by Holly Dustin
Ever thought what would happen if a female friend, family member or work colleague was raped or in an abusive relationship? We all know about the appallingly low conviction rates for these offences but at least women can get the support they need, right? Wrong. Specialised provision, such as Rape Crisis Centres and domestic violence refuges, are patchy in most parts of the country and in some places non-existent. Yet these are vital services that help women reach immediate safety, support them through the justice system and help them move on with their lives.
As members of End Violence Against Women (EVAW) know all too well, a big part of the problem is that there has been a move to funding generic, rather than women-specific services. The result is that we are witnessing a tide of closures in the women's voluntary sector, with many more creaking under the weight of demand.
Holly Dustin is Manager of the End Violence Against Women campaign You might think that this is an issue
that only effects a tiny minority of women, but the stark fact is that
every year three million women across the UK experience rape, trafficking,
forced marriage or some other form of gender-based violence - usually
committed by men known to the victim. And don't forget that there
are many, many more women who have been abused in the past, either as
an adult or a child, and who need help in getting over this abuse.
Map of Gaps, a report by EVAW and the Equality and Human Rights Commission, contains a series of maps showing graphically how women face a postcode lottery in their access to specialised violence against women support services. It paints a bleak picture; a third of local authorities in the UK have no specialised support services.
It should not be acceptable in this day and age that most women in the UK don't have access to a Rape Crisis Centre or that less than one in ten local authorities have specialised services for ethnic minority women that would address forced marriage, female genital mutilation and crimes in the name of honour amongst other issues.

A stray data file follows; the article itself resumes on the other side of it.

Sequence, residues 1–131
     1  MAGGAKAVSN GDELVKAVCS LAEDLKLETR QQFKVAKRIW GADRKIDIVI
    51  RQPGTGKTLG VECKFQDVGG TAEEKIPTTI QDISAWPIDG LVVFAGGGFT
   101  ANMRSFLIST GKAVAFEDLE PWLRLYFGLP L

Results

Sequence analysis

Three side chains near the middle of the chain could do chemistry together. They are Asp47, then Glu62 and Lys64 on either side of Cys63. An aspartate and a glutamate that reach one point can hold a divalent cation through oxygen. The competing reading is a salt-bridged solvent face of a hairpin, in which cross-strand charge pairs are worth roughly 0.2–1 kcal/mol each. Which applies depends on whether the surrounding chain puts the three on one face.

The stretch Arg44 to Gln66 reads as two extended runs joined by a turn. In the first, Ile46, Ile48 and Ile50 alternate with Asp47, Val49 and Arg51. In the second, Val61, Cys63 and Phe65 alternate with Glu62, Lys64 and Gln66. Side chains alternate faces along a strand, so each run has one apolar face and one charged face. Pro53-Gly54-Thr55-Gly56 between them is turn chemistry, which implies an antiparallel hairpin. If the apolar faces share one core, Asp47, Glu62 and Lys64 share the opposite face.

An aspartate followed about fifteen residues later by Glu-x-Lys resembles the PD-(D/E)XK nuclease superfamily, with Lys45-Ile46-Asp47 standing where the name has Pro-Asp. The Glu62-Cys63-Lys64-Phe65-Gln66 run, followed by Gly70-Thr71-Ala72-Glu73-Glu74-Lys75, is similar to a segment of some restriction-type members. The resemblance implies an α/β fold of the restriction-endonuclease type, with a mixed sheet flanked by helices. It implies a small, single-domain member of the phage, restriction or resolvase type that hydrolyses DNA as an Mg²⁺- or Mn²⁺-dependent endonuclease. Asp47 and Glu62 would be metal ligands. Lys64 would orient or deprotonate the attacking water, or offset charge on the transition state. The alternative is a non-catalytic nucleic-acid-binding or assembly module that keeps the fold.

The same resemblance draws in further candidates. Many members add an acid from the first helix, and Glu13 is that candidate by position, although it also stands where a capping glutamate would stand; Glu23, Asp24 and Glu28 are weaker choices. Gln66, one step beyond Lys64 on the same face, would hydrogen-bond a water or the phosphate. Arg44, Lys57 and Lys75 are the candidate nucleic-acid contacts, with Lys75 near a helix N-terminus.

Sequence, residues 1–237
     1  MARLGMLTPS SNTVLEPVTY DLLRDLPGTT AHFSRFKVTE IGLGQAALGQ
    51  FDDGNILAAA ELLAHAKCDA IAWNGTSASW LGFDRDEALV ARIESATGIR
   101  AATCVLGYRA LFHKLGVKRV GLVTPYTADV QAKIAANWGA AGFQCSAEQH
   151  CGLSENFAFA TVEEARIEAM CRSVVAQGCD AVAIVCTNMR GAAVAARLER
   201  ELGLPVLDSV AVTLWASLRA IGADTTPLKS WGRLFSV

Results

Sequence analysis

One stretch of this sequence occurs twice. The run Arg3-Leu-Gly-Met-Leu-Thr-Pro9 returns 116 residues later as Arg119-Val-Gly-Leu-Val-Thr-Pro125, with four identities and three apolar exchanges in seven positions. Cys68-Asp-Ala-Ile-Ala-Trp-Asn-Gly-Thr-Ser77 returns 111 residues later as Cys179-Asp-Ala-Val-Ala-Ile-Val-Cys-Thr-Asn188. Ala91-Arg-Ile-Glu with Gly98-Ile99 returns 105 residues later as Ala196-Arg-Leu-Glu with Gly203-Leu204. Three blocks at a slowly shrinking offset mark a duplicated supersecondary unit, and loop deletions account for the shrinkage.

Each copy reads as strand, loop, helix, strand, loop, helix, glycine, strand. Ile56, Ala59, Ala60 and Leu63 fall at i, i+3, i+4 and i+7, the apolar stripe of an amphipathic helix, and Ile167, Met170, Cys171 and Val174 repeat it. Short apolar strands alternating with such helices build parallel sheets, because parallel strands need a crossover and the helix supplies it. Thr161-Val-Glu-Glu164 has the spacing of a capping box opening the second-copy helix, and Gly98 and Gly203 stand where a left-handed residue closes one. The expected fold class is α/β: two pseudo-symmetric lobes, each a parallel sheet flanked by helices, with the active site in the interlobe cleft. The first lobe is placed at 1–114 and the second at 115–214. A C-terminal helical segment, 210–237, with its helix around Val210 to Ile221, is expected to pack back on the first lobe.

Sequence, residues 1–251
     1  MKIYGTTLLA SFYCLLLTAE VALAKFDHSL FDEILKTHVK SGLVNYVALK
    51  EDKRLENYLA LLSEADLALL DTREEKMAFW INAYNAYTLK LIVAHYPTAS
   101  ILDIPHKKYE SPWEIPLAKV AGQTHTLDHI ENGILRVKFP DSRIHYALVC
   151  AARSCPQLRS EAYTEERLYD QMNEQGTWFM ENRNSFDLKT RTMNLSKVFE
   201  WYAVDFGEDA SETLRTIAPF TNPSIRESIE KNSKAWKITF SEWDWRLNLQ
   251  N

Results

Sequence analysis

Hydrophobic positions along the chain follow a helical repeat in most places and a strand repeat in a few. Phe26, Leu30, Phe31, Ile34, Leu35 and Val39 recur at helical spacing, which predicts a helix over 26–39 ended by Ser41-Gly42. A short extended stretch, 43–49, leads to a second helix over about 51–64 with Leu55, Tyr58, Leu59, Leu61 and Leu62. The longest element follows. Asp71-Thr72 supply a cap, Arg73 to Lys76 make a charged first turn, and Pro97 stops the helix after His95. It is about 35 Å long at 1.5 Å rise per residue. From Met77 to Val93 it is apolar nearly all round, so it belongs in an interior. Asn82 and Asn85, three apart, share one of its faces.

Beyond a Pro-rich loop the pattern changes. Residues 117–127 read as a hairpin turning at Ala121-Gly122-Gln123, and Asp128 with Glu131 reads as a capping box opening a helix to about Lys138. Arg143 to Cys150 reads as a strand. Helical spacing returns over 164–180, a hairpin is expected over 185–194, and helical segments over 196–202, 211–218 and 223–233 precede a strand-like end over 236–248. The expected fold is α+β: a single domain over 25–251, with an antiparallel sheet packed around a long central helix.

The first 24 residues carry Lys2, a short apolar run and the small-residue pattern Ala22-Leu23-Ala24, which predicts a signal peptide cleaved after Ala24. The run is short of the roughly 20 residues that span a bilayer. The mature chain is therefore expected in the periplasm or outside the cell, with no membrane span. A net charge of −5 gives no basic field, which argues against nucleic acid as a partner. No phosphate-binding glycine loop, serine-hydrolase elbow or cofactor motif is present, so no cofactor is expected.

Our maps show that the best story to be told is in Scotland where services are distributed more equally. In fact Scotland is the only part of the UK where Rape Crisis Centres are actually expanding rather than closing! The reason for this is very simple; the Scottish Government is developing a strategic approach to ending violence against women that includes a commitment to funding specialised services.
EVAW and the Equality and Human Rights Commission want national governments and local authorities to take urgent action to stem the tide of closures and ensure national coverage of services so that all women have access to the vital support they need. Indeed, the Commission has said this will be a key test for how these important public bodies implement the Gender Equality Duty, a new law requiring all public bodies to promote equality between women and men.
Women deserve quality support services. The current situation is simply too costly, not just to individual women but also to society more broadly. We must end the postcode lottery by bridging the gaps.
If you think that women deserve specialised support no matter where they live email your MP (usually firstname.lastname@example.org) and ask what s/he is doing to make sure women have access to quality support services.For more information go to endviolenceagainstwomen.org.uk or equalityhumanrights.com.